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Judge finds ‘no evidence’ to support pay-for-homework claims at Arizona State


Also refutes claims of financial collusion between publisher, university

A state judge retained by a university to investigate accusations of administrative misconduct and a “pay-for-homework” scheme has ruled those accusations without merit, finding “no evidence” that such arrangements exist at the school.

The controversy at Arizona State University began last month, when an economics professor there, Brian Goegan, accused the university of conspiring with an educational corporation to force students to pay to submit homework. Goegan claimed that the school had done so in order to receive “a large monetary grant” from the publisher, Cengage.

Goegan is no longer employed at the university. Goegan claimed he was dismissed in the spring of this year after airing his concerns about the alleged scams with university administration. Campus spokesman Bret Hovell, however, told The Fix via email that Goegan “was told in December of 2018 that he was not going to be renewed after the spring 2019 semester. He brought up his unfounded claims months after being told he was going to be non-renewed.”

Following the controversy, the university’s administration announced it would retain former state supreme court justice Ruth McGregor to investigate the issue.

In a report authored by McGregor, the former justice rebutted the claims by Goegan, stating that she could find no evidence to support those accusations.

“I conclude that ASU did not agree to use Cengage products in return for a large grant to the university,” McGregor stated.

She wrote: “I do not doubt that Professor Goegan believed that Cengage had promised a grant in return for the agreement of the Economics Department to require use of Cengage products, but no evidence exists of such an agreement, and considerable evidence exists to disprove the statement.”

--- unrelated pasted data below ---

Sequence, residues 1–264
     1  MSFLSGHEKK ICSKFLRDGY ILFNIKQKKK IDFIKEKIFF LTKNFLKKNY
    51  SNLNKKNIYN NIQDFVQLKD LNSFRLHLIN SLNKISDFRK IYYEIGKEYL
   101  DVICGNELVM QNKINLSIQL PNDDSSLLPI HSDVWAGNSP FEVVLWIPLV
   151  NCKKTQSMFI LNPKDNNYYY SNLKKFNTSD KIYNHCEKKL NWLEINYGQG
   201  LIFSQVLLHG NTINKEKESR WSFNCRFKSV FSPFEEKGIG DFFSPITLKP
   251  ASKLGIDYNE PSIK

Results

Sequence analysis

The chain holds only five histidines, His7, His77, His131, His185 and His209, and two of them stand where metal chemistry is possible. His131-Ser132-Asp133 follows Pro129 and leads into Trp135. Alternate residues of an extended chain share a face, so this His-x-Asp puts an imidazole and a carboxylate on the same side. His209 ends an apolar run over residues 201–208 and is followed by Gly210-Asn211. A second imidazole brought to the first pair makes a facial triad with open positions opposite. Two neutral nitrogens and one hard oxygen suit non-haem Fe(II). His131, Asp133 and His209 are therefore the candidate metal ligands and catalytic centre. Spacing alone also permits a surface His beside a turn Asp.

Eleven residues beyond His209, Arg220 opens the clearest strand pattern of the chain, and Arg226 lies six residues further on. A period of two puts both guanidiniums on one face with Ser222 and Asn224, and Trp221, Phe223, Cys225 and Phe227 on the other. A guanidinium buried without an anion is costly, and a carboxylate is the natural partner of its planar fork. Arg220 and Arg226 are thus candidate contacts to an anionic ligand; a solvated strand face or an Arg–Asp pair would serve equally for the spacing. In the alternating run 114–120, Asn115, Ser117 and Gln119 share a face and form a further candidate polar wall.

Rebutting one of Goegan’s most shocking claims—that the school’s economics department was instructed to fail a third of its students as part of the alleged scam—McGregor, having interviewed campus officials and reviewed relevant documentation, wrote: “I conclude that the Economics Department did not establish…a required grade distribution under which instructors were mandated to fail 30 percent of the students.”

In an announcement in response to Goegan’s claims, the university said that Goegan’s grading practices only ever came under discussion because “he consistently awarded a huge percentage of A and B grades, as compared to the same classes when taught by other professors in his department.”

Following its announcement earlier this month that McGregor would lead the investigation into Goegan’s claims, the university refused to clarify its relationship with the judge. McGregor has previously taught at the university; she also received her Doctor of Jurisprudence degree from the school.

Read McGregor’s report here.

UPDATEThis article has been updated with a quote from a university spokesman regarding the timeline of Goegan’s dismissal.

MORE: School refuses to clarify relationship with independent investigator

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